The Ministry of Health in Chile has confirmed the country's first case of Zika virus to have been transmitted through sexual intercourse.

The new case of the virus involved a 46-year-old woman having a partner who was previously infected with ZIka while in Haiti.

Chile also confirmed [translated text] 10 additional cases of ZIka virus, which include people who acquired the virus outside the country.

The Zika Virus

The Zika virus disease is caused by the virus being transmitted by the Aedes mosquito. It is believed to be the cause of numerous cases of microcephaly in Brazil, where 900 babies are now showing birth defects. Babies with microcephaly are born with an unusually small head caused by developmental problems.

The signs and symptoms of Zika virus infection are most likely to be the same as those of dengue and chikungunya, in which one suffers fever, joint pain, rashes, muscle pain, headache and conjunctivitis or red eyes. The symptoms might last several days to a week but, for others, it might be longer.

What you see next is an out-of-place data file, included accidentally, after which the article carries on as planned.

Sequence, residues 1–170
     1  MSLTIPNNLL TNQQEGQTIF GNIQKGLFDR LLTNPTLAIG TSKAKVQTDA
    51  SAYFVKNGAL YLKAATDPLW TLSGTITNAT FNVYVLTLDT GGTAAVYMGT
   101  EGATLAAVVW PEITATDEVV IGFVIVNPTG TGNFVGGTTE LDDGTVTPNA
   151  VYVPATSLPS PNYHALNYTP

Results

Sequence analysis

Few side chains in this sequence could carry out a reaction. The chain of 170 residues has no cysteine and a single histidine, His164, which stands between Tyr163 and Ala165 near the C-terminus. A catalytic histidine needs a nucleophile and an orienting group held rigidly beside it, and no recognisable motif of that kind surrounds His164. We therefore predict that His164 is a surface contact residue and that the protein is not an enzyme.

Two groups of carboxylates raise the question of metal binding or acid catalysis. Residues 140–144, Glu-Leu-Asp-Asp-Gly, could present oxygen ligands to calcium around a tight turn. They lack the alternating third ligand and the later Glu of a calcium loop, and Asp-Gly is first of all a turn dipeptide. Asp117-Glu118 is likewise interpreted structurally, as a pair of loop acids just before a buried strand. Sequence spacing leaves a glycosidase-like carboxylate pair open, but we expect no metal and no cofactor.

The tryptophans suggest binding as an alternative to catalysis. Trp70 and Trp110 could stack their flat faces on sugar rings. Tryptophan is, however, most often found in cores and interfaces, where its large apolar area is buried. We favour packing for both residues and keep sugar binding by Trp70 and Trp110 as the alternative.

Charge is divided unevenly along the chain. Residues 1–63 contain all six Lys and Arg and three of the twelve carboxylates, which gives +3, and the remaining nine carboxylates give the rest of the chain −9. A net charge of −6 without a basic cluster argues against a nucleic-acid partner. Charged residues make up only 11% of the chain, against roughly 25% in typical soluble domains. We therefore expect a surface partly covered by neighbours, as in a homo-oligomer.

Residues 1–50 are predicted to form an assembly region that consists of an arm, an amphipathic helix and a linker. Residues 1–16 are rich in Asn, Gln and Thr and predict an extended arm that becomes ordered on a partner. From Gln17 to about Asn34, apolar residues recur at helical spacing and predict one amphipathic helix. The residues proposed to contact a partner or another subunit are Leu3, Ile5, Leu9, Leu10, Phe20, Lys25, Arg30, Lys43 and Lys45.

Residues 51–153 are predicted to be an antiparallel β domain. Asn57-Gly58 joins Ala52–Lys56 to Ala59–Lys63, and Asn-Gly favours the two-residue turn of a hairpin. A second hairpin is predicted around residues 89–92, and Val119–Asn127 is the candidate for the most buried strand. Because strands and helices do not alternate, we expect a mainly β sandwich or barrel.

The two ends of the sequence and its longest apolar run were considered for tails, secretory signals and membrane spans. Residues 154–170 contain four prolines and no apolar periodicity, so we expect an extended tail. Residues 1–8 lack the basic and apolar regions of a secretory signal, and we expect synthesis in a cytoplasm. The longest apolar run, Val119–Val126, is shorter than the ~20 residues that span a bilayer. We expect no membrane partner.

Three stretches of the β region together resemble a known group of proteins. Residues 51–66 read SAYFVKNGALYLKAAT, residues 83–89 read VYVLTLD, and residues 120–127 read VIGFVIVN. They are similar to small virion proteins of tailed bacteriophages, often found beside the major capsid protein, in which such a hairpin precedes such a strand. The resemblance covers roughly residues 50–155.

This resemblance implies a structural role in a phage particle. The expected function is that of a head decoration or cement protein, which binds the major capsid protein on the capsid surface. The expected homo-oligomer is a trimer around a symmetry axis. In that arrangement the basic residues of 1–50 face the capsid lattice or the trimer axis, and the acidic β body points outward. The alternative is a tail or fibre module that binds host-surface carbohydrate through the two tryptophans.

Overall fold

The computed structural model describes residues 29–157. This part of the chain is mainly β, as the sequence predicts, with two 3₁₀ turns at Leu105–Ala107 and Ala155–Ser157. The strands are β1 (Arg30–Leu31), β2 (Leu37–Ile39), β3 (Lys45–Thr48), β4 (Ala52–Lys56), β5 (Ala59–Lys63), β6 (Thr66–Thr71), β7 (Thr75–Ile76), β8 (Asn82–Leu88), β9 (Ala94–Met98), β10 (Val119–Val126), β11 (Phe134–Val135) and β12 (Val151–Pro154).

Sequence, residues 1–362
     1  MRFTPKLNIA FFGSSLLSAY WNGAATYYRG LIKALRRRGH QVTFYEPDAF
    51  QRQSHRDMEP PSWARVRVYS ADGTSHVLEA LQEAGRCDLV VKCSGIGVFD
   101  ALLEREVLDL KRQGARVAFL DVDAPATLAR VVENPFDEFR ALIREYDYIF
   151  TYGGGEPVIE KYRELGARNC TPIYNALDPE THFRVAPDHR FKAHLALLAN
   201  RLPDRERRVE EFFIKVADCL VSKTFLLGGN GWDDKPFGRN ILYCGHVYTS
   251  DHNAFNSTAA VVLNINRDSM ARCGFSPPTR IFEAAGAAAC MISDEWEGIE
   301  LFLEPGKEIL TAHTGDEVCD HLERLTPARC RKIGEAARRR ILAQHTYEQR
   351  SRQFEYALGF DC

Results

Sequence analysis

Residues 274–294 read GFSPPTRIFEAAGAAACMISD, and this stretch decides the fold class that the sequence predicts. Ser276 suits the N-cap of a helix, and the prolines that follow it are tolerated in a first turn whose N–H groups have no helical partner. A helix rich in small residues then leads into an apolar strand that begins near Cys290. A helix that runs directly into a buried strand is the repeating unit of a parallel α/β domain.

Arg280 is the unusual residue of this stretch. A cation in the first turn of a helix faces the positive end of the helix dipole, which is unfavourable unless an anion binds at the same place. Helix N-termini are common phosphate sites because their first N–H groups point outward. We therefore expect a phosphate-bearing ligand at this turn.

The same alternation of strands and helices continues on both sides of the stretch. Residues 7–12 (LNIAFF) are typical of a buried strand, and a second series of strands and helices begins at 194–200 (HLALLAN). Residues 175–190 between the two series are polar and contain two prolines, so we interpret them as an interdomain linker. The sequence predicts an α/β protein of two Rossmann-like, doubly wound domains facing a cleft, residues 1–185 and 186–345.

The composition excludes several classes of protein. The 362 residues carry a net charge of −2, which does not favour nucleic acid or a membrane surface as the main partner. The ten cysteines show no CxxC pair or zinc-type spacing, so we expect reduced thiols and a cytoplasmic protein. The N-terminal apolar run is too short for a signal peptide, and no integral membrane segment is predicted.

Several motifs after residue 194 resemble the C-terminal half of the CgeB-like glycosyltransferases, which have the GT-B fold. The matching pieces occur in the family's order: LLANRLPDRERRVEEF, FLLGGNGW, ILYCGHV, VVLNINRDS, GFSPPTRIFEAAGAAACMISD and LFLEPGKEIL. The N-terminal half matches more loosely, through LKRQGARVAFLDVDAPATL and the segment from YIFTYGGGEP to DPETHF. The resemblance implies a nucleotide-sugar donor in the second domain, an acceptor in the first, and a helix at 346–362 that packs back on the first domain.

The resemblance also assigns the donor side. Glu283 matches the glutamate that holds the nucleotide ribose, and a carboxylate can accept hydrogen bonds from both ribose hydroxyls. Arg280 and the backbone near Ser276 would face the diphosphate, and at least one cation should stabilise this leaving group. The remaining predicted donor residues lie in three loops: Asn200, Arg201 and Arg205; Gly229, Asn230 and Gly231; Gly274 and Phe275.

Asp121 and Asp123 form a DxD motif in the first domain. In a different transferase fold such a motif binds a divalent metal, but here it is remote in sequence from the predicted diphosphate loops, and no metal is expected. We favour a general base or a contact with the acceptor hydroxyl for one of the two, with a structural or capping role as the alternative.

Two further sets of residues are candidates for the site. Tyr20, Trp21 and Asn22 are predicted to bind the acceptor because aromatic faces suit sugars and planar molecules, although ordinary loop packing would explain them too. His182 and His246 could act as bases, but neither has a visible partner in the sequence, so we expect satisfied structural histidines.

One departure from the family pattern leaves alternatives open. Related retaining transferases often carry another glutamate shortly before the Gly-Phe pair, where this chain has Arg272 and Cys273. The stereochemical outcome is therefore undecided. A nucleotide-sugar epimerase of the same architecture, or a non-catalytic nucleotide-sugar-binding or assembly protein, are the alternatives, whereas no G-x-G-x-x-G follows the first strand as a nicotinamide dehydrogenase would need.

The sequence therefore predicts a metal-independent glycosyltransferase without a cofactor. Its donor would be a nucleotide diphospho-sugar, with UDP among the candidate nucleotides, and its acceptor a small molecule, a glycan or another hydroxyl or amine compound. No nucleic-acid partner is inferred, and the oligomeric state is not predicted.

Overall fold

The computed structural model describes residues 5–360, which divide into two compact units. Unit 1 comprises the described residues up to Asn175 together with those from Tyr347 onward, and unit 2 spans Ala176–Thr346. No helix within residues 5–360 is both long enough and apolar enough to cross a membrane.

A person who has been infected is likely to be protected from other infections.

There is so far no medicine to cure the virus or even a vaccine to prevent the virus from getting into the body, but healthcare providers suggest treating the symptoms immediately and avoiding places where cases of Zika virus have been recorded.

Previous reports have shown that the virus is easily transmitted from a mother to a child through birth. Medical practitioners are alerting pregnant women against being bitten by mosquitoes. According to records, there hasn't been a case of transmission through breastfeeding.

Transmission through blood transfusion is not yet found in cases seen in the U.S. but there have been many in Brazil.

Zika virus cases have been reported in Puerto Rico, American Samoa, the Virgin Islands, Africa, Southeast Asia and Pacific Asia.

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